Seeing the right professional at the right time
When I accepted to become president of the QMA, it was to be part of the evolution in health care. The current stranglehold of organizational models and compensation methods is preventing us from having a health care system that belongs in the 21st century.
As an orthopedic surgeon, I practise in one of the largest orthopedic services in Québec, in terms of volume. We certainly have no shortage of patients! And even if my colleagues and I could work even more, which I am not sure we can given our schedules, this would not mean that our patients would benefit from better service.
For that to happen, they have to see the right health professional at the right time. It’s not a question of money, and it’s not a question of volume. But it is a question of teams and organization.
Currently, nowhere does anyone question whether I am still the best person to see the patients. Nor does anyone wonder whether my expertise as a physician is being put to its best use, and reflects the value of my skills and what I am paid.
Solutions in the field
My colleagues and I should not need to see all patients with a musculoskeletal problem in Saint-Jean-sur-Richelieu! A good number of them could be seen by a physiotherapist or multidisciplinary team, which would allow me to focus on those who need surgery. But the billing system does not allow me to do this and we have to get out of this stranglehold. Compensation should be separate from billing, which is possible only if the service is linked to billing, and not to the physician’s procedure. My practice would be more interactive, collaborative and interesting, and my patients would benefit from a service that is better adapted to their needs.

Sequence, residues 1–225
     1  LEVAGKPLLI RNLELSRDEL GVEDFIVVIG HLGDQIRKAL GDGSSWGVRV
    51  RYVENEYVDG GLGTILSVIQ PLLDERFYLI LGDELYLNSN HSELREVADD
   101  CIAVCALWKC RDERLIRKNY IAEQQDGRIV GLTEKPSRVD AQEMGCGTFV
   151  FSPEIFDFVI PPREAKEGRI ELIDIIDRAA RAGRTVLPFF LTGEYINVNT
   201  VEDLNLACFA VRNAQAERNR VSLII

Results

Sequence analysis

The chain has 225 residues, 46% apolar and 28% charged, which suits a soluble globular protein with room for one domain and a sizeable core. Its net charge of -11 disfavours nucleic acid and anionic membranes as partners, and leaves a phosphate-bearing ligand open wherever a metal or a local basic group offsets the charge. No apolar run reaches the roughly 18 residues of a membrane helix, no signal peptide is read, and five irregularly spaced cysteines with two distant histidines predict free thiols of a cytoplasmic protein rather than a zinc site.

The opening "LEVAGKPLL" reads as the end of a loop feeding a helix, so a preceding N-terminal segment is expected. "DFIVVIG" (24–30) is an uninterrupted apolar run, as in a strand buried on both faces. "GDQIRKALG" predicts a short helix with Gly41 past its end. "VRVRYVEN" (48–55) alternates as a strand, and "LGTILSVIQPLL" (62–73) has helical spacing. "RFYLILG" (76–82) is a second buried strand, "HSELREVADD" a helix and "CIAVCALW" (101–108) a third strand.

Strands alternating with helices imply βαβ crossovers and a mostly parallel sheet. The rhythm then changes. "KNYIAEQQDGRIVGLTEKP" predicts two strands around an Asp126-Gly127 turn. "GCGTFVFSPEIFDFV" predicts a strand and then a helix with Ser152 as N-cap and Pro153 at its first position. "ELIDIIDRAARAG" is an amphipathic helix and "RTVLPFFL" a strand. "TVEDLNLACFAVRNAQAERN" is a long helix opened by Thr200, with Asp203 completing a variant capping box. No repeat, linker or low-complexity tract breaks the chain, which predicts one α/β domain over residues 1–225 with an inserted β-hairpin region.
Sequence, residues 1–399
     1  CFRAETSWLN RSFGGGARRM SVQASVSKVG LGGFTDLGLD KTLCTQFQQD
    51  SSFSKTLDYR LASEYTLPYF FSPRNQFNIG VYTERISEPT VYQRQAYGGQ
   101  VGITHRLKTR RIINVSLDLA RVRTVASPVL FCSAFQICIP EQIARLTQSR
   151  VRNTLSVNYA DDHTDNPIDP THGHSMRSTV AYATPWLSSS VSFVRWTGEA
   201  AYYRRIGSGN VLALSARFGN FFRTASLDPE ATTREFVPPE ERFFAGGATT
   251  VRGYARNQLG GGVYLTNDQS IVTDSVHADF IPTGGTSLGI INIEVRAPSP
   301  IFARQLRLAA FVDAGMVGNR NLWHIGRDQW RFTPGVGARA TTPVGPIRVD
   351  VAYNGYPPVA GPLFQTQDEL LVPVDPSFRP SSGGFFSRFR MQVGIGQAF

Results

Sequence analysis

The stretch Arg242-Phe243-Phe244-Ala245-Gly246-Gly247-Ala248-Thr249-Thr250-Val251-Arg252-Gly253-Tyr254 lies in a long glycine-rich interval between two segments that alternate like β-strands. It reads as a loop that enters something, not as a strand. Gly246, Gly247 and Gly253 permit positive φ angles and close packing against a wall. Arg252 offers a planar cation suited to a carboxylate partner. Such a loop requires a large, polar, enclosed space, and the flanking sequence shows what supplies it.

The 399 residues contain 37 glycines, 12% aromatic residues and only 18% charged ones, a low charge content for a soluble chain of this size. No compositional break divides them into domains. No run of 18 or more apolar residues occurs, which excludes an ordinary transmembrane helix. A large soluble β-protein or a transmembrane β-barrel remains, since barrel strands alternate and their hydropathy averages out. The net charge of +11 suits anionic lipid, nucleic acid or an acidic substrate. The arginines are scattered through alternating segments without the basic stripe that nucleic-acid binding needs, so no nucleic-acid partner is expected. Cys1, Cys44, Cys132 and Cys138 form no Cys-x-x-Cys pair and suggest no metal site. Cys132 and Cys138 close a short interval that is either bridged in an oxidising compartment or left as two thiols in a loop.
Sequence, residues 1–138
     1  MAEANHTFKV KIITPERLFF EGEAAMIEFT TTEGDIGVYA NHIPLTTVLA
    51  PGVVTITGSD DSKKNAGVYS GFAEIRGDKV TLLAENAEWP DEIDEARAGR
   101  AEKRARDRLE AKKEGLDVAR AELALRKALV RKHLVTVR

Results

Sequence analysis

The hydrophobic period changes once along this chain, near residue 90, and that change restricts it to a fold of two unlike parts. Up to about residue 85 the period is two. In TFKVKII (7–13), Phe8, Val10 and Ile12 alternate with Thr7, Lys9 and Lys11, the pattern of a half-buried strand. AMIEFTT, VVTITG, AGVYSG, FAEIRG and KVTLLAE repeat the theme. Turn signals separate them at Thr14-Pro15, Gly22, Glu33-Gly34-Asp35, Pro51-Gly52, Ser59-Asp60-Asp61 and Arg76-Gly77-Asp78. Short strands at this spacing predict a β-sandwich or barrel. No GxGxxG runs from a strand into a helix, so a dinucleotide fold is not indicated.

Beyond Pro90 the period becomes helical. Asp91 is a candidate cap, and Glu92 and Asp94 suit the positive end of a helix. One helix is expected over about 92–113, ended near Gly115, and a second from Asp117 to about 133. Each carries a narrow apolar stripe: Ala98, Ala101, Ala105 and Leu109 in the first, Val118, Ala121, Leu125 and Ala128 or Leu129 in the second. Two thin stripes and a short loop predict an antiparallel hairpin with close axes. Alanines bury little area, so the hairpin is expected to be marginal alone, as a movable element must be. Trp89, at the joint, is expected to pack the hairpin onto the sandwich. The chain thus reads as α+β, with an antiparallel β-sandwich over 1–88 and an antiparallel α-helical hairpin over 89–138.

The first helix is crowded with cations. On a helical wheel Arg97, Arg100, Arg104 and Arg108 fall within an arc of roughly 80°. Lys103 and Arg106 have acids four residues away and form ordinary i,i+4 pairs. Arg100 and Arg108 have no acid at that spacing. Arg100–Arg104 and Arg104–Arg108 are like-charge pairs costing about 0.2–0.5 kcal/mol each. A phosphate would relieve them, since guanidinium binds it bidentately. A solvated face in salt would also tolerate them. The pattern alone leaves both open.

I know what the population in Saint-Jean-sur-Richelieu needs in terms of orthopedics, because I know the needs of the patients in my region. I know how to improve my community, because I have been dealing with its shortcomings for years. Every one of you knows your community, the needs of the patients in your clinic or the health institution where you practise. If we want to change things, all physicians – both general practitioners and specialists – must sit down together to discuss these important issues with the government and the other stakeholders in the health care system.
For the moment, everything is being done behind closed doors; physicians who are interested in professionalism therefore have only the public forum in which to express their views. But we should be having this discussion all together around the same table. In the last few months, I have started the conversation. Many of you have supported my approach, while others have felt that I am representing them poorly. But nobody has questioned the fact that we are on a path of no return. We just need to look at the latest surveys on physician health: as a profession, we are ailing.
The system is cracking at the seams because we are only tackling the symptoms instead of focusing on the root cause of the situation. We must continue the discussion and work to implement solutions. Once again, I invite you to contact me (firstname.lastname@example.org) to tell me how you would change your environment, which organizational solutions you think would improve the quality of our practices.
Dr. Hugo Viens, B.Sc., M.D., FRCSC
President of the Québec Medical Association